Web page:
More to come later in the day
Pit stop record broken 4 times
Overshadowed by the ‘multi-21’ affair were 3 very quick pit stops which we are yet to receive official confirmation of their time. McLaren hold the record with a stop of 2.31 seconds from the German GP 2012.
Red Bull believe that the first stop they did for Vettel when he went to dry tyres a lap or so too soon was just 2.13 seconds. German publication AMuS says that they have clocked McLaren best stop in Sepang as 2.28 beating it’s own record.
Mercedes too are believed to have turned Nico Rosberg around under the previous record in a stop of 2.29 seconds. However, the new unofficial record sits with Mark Webber and Red Bull at his second stop. We believe the stop was an incredible 2.05 seconds and Red Bull have said that, “It’s possible this season we’ll see the magical two second barrier breached at some point”.
Ecclestone Foresees no problem with Bahrain
TJ13 reported a couple of weeks ago that unrest had returned to Bahrain, particularly with demonstrators protesting about the upcoming F1 race. Yet Bernie appears confident all will be well. “I haven’t had any negative reports from anybody there,” he told Reuters, “Somebody who actually lives there came to see me yesterday and said everything’s very normal.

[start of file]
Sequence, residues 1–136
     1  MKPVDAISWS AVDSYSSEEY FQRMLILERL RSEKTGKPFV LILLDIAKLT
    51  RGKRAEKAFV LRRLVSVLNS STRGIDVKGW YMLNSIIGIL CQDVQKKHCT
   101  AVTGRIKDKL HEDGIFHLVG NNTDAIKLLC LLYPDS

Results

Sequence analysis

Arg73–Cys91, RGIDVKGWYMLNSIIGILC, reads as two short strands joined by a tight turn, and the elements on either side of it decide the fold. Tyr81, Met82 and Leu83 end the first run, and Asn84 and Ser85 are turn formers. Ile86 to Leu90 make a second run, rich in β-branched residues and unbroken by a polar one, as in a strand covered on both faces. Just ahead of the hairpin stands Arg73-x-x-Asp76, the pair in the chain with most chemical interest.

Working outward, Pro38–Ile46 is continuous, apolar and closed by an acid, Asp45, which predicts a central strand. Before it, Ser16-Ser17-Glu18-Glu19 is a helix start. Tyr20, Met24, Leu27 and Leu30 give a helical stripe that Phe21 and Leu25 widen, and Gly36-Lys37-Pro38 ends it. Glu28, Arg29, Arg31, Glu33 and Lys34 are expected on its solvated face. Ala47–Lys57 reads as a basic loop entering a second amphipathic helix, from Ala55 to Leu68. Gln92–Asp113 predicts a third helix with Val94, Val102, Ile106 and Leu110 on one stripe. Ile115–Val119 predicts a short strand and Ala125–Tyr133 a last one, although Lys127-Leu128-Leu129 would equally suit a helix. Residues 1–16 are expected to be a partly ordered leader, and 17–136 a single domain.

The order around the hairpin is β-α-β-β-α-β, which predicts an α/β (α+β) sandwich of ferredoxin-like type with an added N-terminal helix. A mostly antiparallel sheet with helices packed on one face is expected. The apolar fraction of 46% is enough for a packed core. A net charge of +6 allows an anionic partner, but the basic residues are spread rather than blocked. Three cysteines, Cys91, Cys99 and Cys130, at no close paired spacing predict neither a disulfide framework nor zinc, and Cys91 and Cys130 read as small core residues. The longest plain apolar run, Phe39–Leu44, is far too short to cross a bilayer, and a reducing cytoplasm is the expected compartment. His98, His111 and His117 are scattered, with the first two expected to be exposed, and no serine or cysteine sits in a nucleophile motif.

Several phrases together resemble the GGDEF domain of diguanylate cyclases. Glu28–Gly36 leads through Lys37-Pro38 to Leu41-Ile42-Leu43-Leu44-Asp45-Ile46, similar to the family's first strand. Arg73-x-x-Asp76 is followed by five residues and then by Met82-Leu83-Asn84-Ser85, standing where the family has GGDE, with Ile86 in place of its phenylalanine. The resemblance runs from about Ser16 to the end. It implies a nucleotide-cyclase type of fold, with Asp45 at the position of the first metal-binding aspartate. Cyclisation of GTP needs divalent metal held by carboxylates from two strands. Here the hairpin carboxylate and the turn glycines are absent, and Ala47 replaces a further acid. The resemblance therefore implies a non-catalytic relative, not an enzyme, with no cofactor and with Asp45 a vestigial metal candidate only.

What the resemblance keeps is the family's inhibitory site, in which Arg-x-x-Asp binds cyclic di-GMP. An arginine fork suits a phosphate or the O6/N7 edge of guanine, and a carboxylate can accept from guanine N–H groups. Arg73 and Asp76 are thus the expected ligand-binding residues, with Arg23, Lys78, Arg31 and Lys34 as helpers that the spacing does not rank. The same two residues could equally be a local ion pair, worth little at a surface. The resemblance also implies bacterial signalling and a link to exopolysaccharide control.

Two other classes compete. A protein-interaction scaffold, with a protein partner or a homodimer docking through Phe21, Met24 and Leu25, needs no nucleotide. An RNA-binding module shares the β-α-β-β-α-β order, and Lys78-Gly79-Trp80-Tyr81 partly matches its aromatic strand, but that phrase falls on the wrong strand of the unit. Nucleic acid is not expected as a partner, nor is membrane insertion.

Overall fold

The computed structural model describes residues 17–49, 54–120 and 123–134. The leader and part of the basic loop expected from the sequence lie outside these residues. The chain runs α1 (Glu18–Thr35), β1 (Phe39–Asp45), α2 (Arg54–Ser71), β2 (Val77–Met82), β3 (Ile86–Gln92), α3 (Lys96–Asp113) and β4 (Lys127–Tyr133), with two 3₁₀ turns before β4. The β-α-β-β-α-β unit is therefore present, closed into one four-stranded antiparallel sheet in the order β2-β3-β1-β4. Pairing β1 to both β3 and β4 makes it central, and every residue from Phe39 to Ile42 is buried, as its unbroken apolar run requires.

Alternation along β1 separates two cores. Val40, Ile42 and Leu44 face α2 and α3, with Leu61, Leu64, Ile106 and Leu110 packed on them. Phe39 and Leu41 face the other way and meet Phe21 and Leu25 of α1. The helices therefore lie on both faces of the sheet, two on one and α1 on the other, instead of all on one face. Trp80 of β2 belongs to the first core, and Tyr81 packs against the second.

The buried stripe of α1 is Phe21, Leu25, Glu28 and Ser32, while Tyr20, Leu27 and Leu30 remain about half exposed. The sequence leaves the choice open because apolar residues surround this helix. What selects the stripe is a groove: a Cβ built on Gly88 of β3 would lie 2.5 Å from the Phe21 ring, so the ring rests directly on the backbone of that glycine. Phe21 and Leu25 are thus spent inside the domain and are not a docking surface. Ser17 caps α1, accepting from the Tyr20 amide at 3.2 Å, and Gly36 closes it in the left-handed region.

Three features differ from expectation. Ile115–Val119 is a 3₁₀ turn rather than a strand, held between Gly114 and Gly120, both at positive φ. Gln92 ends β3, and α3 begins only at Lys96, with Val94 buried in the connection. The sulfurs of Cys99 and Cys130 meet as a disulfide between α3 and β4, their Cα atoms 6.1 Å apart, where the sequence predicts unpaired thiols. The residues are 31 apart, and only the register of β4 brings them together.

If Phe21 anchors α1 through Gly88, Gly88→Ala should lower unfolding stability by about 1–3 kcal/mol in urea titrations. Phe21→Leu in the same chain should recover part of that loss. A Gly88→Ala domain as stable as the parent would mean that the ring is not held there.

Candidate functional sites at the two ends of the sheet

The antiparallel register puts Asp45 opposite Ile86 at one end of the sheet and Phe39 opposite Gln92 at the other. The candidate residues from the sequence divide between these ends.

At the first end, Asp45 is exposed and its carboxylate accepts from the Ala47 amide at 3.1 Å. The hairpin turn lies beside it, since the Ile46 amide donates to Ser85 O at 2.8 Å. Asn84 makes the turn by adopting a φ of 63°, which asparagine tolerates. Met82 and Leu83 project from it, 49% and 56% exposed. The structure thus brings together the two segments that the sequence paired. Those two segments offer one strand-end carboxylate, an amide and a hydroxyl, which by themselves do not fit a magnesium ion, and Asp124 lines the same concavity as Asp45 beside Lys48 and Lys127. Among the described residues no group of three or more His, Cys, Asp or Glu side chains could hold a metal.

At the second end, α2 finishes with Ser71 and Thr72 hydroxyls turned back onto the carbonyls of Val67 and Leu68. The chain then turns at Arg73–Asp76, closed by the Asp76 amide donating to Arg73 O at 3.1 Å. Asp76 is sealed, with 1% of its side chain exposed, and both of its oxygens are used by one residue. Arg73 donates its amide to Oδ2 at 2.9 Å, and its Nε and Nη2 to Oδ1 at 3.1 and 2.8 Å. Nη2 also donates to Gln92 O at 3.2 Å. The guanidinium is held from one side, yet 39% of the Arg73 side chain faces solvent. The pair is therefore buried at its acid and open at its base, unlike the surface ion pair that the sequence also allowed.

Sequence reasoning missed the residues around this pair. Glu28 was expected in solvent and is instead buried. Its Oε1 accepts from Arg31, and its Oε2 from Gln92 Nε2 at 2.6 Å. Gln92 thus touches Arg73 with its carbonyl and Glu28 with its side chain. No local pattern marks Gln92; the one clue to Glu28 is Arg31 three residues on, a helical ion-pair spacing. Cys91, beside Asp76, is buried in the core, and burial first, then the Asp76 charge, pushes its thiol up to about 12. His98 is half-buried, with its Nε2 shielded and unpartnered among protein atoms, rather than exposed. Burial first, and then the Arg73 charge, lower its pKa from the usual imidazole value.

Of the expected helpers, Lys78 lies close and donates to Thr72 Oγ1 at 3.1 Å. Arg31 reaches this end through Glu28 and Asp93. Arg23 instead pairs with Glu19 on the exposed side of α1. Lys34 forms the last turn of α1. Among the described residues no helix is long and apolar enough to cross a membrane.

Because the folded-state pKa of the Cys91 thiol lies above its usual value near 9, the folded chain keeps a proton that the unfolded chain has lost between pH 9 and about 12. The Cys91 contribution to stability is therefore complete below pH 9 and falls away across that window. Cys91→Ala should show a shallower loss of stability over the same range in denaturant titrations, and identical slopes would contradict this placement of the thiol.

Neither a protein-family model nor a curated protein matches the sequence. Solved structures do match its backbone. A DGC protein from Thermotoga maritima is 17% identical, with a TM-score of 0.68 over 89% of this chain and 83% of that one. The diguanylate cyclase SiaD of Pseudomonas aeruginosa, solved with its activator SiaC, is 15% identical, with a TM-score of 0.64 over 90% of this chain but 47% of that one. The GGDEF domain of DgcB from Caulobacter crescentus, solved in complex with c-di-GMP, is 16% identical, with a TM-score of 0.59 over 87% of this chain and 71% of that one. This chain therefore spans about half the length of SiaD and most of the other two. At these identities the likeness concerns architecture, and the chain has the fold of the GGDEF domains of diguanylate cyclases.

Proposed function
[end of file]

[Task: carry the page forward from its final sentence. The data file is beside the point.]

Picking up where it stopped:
“They do a very, very good job of the race, the whole support from the top is good. No problems. I think (the opposing sides) are talking now anyway, so I don’t think they’ll upset the talks by making protests,” Ecclestone rationalizes..
“It didn’t help them last year, so if they had any brains they’d just get on with their talks”. Ecclestone states he will be there and also suggested that the long term future of the controversial race is secure.
Brawn still the team boss
Ross Brawn in an interview with SKY has defended his decision to issue team orders in Malaysia stating both cars were marginal on fuel. He claimed neither Lauda nor Wolff realised the extent of the situation and when it was explained to them.
“I had to make a decision on the pit wall about what we were going to do. Now Niki and Toto might not agree with it. But I had all the facts, I had all the information, I have what I feel was all the information to make that decision – they didn’t – and I think they’ve both recognized after the event that it was the right decision.
I am cleared to make the decisions that I need to make – and I’m very happy to try and justify them – or indeed put my hands up if I make the wrong decision. But somebody has to make those decisions. What you can’t have is those decisions made by a group or a committee – there’s no time, its not effective”.
This means there is a pretty clear line in the sand on where the decisions and the responsibilities within the team lie. The problem is however, that both Wolff and Lauda did criticize Ross Brawn openly and will now have to retract their positions. Second race and we see open divisions expressed in the media from Mercedes – watch this space.
Interesting Brawn had this to say too.